STANDING UP TO SURVEILLANCE
We fight surveillance laws, policies, and practices that undermine human rights. From investigating spyware attacks that target human rights defenders to fighting biometric surveillance systems that put entire communities at risk, we work to hold manufacturers and investors accountable for the impact of dangerous surveillance tech and push for strict regulations to prevent widespread abuse.
Ban Biometric Surveillance
Some surveillance technologies are so dangerous that they inevitably cause far more problems than they solve. The use of facial recognition and remote biometric technologies in publicly accessible spaces enables mass surveillance and discriminatory targeted surveillance.
Access Now and the Government of Catalonia are calling for an end to the proliferation of surveillance tech through the Geneva Declaration.
A new guide on effective due diligence will help shareholders with investments in surveillance technology prevent and mitigate human rights risks.
The threat voice recognition technology poses to our rights needs to be addressed now — before our voices become yet another piece of biometric data to be used against us.
Front Line Defenders and Access Now’s new report, “Unsafe anywhere: women human rights defenders speak out about Pegasus attacks,” unpacks the first-hand experiences of women navigating an increasingly hostile and dangerous environment.
MENA Surveillance Coalition: stop all surveillance tech sales to the region’s autocratic governments
The MENA Surveillance Coalition is demanding the immediate end to the sale of surveillance technology to Middle East and North Africa’s (MENA) autocratic governments.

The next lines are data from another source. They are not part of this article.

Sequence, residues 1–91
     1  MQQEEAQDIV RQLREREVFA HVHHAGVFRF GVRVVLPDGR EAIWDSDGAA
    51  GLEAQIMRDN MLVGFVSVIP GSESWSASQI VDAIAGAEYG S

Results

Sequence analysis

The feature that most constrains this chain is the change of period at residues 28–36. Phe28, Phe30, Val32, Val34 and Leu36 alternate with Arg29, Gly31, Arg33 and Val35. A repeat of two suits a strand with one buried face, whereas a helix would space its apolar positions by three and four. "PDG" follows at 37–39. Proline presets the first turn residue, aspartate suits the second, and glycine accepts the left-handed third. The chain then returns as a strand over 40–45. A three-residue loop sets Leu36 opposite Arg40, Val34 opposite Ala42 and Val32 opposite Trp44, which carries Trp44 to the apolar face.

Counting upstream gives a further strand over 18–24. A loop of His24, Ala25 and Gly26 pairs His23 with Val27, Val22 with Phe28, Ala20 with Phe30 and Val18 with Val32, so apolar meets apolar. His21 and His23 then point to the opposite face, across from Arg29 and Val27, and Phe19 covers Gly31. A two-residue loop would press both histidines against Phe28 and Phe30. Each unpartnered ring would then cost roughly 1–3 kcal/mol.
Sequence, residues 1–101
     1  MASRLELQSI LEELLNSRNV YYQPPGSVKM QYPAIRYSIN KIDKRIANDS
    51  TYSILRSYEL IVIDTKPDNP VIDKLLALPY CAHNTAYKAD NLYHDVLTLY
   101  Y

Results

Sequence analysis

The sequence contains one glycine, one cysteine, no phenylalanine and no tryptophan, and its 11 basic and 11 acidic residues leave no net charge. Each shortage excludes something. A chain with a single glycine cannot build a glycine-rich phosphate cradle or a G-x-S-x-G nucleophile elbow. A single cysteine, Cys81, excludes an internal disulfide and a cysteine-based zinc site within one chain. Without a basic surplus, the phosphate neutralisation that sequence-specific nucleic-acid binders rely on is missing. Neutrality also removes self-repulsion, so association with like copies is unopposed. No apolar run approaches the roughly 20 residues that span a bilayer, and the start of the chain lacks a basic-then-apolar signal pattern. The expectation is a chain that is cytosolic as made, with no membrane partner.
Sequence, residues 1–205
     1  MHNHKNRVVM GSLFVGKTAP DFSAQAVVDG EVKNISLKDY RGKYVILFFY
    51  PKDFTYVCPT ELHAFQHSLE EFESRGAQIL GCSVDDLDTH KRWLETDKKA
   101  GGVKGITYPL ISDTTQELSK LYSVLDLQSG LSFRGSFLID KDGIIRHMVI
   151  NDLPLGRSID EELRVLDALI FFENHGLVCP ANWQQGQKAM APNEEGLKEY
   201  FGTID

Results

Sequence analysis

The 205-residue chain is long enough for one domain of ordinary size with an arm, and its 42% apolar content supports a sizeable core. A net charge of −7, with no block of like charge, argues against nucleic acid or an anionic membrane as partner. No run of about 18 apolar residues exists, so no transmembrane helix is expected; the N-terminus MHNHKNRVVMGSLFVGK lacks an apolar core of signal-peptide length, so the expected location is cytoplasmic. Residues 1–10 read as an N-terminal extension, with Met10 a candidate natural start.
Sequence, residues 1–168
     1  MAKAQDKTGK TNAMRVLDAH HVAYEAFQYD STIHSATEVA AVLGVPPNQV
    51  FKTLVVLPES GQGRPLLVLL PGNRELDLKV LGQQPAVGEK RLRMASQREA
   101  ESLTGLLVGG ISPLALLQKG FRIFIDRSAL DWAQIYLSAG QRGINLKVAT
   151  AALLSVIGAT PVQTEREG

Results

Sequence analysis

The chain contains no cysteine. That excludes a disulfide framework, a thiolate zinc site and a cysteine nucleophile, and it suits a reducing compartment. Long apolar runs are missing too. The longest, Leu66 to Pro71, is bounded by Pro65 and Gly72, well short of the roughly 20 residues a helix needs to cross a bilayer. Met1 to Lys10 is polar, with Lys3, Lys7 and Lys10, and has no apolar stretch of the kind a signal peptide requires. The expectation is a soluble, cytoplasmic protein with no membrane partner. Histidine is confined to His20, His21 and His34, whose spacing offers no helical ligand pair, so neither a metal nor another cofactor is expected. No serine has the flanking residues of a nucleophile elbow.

More accountability: U.S. blocklists Sandvine for enabling digital repression in Egypt
Access Now applauds the U.S. government for blocklisting Sandvine for supplying the Egyptian government with technology that facilitated the targeting of human rights activists and politicians.
One small step for accountability: U.S. announces anonymous visa sanctions program for spyware violations
In a positive but limited step, the U.S.’s new sanctions policy will deny visas to individuals who are involved in, facilitate, or financially benefit from the misuse of commercial spyware.
New spyware attacks exposed: civil society targeted in Jordan
A new joint investigation reveals the widespread use of Israeli-owned NSO Group’s Pegasus spyware in Jordan.
Between a hack and a hard place: how Pegasus spyware crushes civic space in Jordan
Access Now launched the new investigation report on how Pegasus spyware crushes civic space in Jordan.
The world must bring down Myanmar’s digital iron curtain
Today marks three years since Myanmar’s junta seized power in a violent coup. Access Now is calling on the international community to offer resources to resist digital oppression.